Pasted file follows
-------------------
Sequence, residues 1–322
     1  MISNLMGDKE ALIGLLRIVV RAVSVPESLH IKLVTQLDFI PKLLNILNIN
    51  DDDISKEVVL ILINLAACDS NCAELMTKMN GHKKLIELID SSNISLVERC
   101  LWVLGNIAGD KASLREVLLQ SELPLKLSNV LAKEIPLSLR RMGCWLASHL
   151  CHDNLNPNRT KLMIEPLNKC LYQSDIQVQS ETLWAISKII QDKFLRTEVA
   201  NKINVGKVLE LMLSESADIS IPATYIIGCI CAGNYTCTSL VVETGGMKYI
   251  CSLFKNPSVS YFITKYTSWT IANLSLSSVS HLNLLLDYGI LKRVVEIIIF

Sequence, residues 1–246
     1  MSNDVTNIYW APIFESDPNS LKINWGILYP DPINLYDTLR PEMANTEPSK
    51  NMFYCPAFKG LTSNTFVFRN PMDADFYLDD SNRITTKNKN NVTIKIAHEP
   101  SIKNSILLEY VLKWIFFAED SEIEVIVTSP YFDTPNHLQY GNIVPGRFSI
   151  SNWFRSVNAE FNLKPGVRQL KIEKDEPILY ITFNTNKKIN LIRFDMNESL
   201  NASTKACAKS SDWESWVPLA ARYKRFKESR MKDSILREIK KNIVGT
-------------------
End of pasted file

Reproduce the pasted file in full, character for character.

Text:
Sequence, residues 1–322
     1  MISNLMGDKE ALIGLLRIVV RAVSVPESLH IKLVTQLDFI PKLLNILNIN
    51  DDDISKEVVL ILINLAACDS NCAELMTKMN GHKKLIELID SSNISLVERC
   101  LWVLGNIAGD KASLREVLLQ SELPLKLSNV LAKEIPLSLR RMGCWLASHL
   151  CHDNLNPNRT KLMIEPLNKC LYQSDIQVQS ETLWAISKII QDKFLRTEVA
   201  NKINVGKVLE LMLSESADIS IPATYIIGCI CAGNYTCTSL VVETGGMKYI
   251  CSLFKNPSVS YFITKYTSWT IANLSLSSVS HLNLLLDYGI LKRVVEIIIF

Sequence, residues 1–246
     1  MSNDVTNIYW APIFESDPNS LKINWGILYP DPINLYDTLR PEMANTEPSK
    51  NMFYCPAFKG LTSNTFVFRN PMDADFYLDD SNRITTKNKN NVTIKIAHEP
   101  SIKNSILLEY VLKWIFFAED SEIEVIVTSP YFDTPNHLQY GNIVPGRFSI
   151  SNWFRSVNAE FNLKPGVRQL KIEKDEPILY ITFNTNKKIN LIRFDMNESL
   201  NASTKACAKS SDWESWVPLA ARYKRFKESR MKDSILREIK KNIVGT